In addition to Bestard-Torres, 23, a criminal justice major at the Lebanon Campus, HACC students also named scholars and their majors are:
- Erick Huotari, 27, Harrisburg and York campuses, architecture;
- Kristin Phillips-Thomas, 38, York Campus, social sciences;
- Harrisburg Campus students Kojo Karikari, 20, biology; Perry Schneck, 26, mechanical engineering and Alpay Yener, 20, business.
The six students were recognized at a dinner tonight at the C. Ted Lick Wildwood Conference Center on the Harrisburg Campus of HACC, Central Pennsylvania’s Community College. They will participate in a six-week summer program on the university’s Lewisburg campus, then return to HACC to finish their associate degree, and can transfer to Bucknell for a bachelor’s degree if they so choose.
“This partnership gives our students the chance to explore some options for continuing their college education and to experience a residential school first hand,” said HACC President Edna V. Baehre, Ph.D. “And, it has given Bucknell the chance to experience some of the fantastic students who attend HACC and the other four participating community colleges.”
Noting that Bucknell is the only Pennsylvania university among the eight colleges throughout the nation in this initiative, Baehre told the students, “This puts each of you in an elite group of high achievers who are helping blaze a new path into some of the nation’s most selective four-year schools.”
The Bucknell Scholars program gives these students an opportunity that would not have been financially possible for them, said Dory Leahey, HACC Dean of Retention Services. “These students are change agents with a desire to make a difference in their own lives and lives of others.”
The program provides up to $52,000 a year, depending on financial needs, including two years of tuition for full-time enrollment at Bucknell and additional support for room and board, books and other expenses.
“I look forward to this opportunity after all that I have been through,” says Bestard-Torres, a native of Cuba, who came to Lebanon in February 2001 at age 16 when her father, Rolando Bestard-Torres, a dissident, was allowed in the United States as a political refugee.
When Bestard-Torres and her family came to Lebanon, the first thing her father did was to take away all of the Spanish channels on TV but one - “And I didn’t like that one,” she says. “I was always a good student, and my father wanted to help me” assimilate quickly. “If you don’t take drastic steps, it holds you back from learning other things,” she says. She began watching English-language channels “and that helped me feel learn the language and feel comfortable” with it. Her favorite? “The History Channel.”
“I tell ESL students that TV can be a good thing. Watching English channels helps them adjust to a daily lifestyle in this country, as well as learn the language. Even watching kids’ channels can be helpful for a beginning ESL student.”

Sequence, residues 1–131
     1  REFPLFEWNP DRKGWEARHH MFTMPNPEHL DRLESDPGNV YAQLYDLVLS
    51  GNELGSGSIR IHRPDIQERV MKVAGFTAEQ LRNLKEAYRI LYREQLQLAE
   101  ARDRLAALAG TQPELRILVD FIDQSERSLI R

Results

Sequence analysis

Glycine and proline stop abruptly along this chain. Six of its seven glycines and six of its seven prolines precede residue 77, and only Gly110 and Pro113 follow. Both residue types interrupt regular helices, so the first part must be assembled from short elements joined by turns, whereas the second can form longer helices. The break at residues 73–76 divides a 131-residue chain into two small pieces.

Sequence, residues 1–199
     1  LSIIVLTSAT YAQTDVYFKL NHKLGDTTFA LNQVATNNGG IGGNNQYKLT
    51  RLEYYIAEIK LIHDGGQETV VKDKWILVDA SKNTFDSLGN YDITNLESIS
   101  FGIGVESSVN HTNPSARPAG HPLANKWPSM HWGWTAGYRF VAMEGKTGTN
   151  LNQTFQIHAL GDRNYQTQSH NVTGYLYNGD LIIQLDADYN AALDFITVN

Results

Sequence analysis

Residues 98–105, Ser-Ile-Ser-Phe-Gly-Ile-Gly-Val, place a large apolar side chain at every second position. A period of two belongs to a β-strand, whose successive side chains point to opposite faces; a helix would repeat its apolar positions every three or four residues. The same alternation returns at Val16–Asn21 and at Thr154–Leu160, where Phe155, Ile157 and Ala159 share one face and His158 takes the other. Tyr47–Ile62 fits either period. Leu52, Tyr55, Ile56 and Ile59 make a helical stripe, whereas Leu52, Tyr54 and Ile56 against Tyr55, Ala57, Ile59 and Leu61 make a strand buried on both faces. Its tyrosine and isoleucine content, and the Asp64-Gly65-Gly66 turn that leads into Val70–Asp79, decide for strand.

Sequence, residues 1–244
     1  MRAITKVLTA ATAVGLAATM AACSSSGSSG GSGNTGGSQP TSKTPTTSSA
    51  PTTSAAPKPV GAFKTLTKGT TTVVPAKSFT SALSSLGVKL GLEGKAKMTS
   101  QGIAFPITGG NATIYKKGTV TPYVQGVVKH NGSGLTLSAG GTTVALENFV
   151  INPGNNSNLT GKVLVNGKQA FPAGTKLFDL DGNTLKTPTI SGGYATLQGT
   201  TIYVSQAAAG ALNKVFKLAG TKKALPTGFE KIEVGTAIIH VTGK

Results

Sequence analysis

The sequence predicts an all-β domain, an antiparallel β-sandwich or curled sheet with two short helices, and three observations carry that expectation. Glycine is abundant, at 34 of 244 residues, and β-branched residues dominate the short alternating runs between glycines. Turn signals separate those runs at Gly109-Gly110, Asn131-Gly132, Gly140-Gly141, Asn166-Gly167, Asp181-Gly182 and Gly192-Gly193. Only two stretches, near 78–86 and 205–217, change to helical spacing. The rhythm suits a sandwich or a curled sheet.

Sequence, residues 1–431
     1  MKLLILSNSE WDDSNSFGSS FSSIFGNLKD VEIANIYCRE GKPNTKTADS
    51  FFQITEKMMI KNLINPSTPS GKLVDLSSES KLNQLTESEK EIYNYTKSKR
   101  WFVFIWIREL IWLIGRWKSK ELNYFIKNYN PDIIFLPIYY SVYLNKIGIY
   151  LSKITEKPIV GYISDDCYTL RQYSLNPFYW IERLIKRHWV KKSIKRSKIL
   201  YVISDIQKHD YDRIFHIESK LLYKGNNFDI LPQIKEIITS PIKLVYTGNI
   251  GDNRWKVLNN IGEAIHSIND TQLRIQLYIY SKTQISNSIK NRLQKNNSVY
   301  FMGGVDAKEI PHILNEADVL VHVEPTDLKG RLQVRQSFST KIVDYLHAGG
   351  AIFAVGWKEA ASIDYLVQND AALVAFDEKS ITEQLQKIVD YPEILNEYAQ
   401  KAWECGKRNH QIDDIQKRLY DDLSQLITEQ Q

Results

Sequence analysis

Total immersion in the English language paid off. A month after arriving in Lebanon, Bestard-Torres enrolled at Lebanon High School as a sophomore. “I was excited, a little scared” but eager to get started.
She was tested and enrolled in basic ESL class. Yenis credits her teachers with helping her make the transition to an American high school. She particularly remembers her first teacher, Stephanie Warlow, “who spoke only in English to make me feel comfortable with the language. She gave me a good push.”
Bestard-Torres, an overachiever, set her sights on learning English and getting on a par with her English-speaking classmates - “I made it by the 12th grade.”
“I started with the very basics,” attending classes without translators - something that Bestard-Torres says forced her to learn what she needed to know. “I kept a dictionary with me all the time.” “At first, I used an English/Spanish dictionary, then switched to just an English dictionary. My teachers said I needed to learn the meaning of the words.”
Although Bestard-Torres could have graduated in 2003, she opted to spend another year in high school. “I didn’t feel ready even though I had the hours.” The community project had to be presented to an audience. “I strived not to have an accent and to be able to stand (in front of a crowd) with no fear.”
She took some ESL and developmental classes to prepare her for college coursework when she enrolled in HACC-Lebanon. She was a member of the Student Government Association, and still is involved in SGA activities. She has volunteered for Pennsylvania German Heritage Festival and other events at the college. In addition, she is a student worker in the library. In addition her volunteer activities include serving as a Student Ambassador, joining her peers in fundraisers, blood drives and other activities and helping with student orientation. She also volunteers at ESL orientation regularly, and often speaks to community groups about ESL. She shares her story as an inspiration to others.
When Bestard-Torres came to HACC, besides a degree, what was she looking for? “I wanted to have friends - not just Hispanic friends, but friends from all over the world and I am able to accomplish that here.”
She has friends from China, Russia and Pakistan as well as American friends. “We all became friends.” “Even though lifestyles, language, clothing may be different, we are all one.” “I have learned so much from my friends.”